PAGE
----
There were two cases decided this past week where courts dismissed ADA retaliation claims on the ground that the employees had not proven that they were “qualified individuals” within the meaning of the disability discrimination laws either because they did not prove the existence of a reasonable accommodation or because they did not prove a legally qualifying disability. These decisions surprised me because under other discrimination laws employees can win on retaliation claims even if they lose on the underlying discrimination claims. In fact, generally good advice for employers is to be cautious how they treat an employee who has requested an accommodation because of the potential for a retaliation claim.
Bagwell v. Morgan County Commission (11th Cir. 1/18/17). In Bagwell, the Eleventh Circuit affirmed summary judgment for the employer on the ground that the employee “did not demonstrate that she was a ‘qualified individual’ under the ADA and the Rehabilitation Act because she failed to demonstrate the existence of a reasonable accommodation that would allow her to perform the ‘essential functions’ of her job.” I note that Bagwell is consistent with another Eleventh Circuit case in which the court rejected an ADA retaliation claim on the ground that the employee “has not shown that she was disabled” within the meaning of the ADA when her employment was terminated. Diaz v. Transatlantic Bank (11th Cir. 2/24/10).
Smith v. Constellation Brands, Inc. (N.D. California 1/20/17). In Smith the court granted an employer’s motion to dismiss an ADA retaliation claim on the ground that the employee failed to allege “a plausible disability.” In Smith the employee alleged that she had muscle spasms, bulging disks in her neck, and other medical symptoms that caused her ongoing and chronic pain and that her disability limited her major life activities, including working, walking, head and neck mobility, and physical exercise. The court dismissed the complaint, however, on the ground that she did not explain how her pain “prevented her” from performing her job duties, and that just because her conditions made it more “difficult” to perform them, this was not sufficient.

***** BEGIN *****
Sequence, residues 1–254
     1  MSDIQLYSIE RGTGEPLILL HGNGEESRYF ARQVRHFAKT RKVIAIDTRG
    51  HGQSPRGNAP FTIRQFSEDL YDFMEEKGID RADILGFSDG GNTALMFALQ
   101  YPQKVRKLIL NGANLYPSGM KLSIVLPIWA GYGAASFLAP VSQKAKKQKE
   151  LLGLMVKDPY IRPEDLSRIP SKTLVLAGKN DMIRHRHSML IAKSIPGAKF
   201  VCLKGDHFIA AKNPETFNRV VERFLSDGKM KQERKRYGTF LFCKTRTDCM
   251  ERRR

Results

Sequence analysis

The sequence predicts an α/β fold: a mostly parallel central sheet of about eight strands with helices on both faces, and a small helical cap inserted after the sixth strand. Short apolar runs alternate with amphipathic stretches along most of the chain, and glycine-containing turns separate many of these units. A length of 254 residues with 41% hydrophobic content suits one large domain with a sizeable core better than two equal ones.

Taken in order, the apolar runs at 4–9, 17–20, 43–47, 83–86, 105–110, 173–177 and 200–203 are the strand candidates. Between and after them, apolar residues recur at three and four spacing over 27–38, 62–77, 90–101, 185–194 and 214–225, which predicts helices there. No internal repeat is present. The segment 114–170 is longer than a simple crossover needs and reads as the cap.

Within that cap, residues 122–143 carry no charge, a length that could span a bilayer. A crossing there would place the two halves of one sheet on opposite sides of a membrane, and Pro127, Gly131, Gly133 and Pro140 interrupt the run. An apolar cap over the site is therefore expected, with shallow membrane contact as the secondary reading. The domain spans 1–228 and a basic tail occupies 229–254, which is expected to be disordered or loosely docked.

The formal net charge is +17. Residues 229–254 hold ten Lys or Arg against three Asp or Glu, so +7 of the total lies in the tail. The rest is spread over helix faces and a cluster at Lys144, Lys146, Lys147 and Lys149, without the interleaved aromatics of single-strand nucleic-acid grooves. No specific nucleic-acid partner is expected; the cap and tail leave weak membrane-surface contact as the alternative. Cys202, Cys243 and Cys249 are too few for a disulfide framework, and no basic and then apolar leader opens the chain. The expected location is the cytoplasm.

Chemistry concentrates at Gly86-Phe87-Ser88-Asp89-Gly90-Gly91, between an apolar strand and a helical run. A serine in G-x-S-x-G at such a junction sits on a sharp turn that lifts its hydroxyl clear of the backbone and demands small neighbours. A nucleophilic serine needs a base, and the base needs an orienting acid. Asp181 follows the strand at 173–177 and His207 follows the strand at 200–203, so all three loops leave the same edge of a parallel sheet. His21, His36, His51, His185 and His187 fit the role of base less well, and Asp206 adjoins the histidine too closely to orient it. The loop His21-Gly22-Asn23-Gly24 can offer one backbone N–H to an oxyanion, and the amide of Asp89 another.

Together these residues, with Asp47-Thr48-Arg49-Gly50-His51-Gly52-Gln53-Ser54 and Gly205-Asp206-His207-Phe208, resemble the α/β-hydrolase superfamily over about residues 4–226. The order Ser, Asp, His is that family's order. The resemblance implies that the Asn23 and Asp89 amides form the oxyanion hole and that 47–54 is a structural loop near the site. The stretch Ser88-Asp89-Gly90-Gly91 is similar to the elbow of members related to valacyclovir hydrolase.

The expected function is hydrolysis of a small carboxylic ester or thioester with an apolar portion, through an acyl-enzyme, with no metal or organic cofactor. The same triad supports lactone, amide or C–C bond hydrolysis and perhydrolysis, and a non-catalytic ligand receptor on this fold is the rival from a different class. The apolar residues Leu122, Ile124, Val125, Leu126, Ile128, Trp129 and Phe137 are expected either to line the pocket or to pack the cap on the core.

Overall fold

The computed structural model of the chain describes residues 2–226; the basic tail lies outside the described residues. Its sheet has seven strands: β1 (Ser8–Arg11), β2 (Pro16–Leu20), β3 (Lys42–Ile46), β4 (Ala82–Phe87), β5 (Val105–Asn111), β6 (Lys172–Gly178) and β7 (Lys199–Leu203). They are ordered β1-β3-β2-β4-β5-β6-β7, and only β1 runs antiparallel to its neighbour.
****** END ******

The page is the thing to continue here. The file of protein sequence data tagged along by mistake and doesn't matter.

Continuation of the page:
Employer Lessons? Employers should be cautious about taking too much comfort from these cases. Other Federal Circuit Courts of Appeal who have addressed this issue disagree with these recent decisions. As the Tenth Circuit commented in Foster v. Mountain Coal Co. (10th Cir. 7/26/16), to prosecute an ADA retaliation claim, a plaintiff need not show that he or she suffers from an “actual disability.” Rather, the plaintiff need only show that he or she had a “reasonable, good-faith belief” that he or she was disabled. Other courts have embraced this view, including the judges in two recent cases. Gavurnik v. Hope Properties (E.D. Pennsylvania 1/3/17) and Jones v. Brennan, Postmaster General (N.D. Oklahoma 12/6/16).
Interestingly, courts in California interpreting the California Fair Employment & Housing Act (“FEHA”) have suggested that this California state law may require a showing of actual disability in connection with a retaliation claim. In Madrigal v. Senior Aeorspace, SSP (C.D. California 8/9/16) the court dismissed all FEHA disability claims, including a retaliation claim, on the ground that FEHA requires employees to provide that they suffer from a qualifying disability.
Another word of caution: Employers should be careful about concluding that a medical condition that makes performing a job “more difficult” does not qualify as a disability under the ADA. The ADA Amendments Act of 2008 (“the ADAAA”) were specifically intended to broaden the definition of disability and the ADA requires employees to show that the medical condition “substantially limits” their ability to engage in one or more major life activities – not that it makes them unable to do so.
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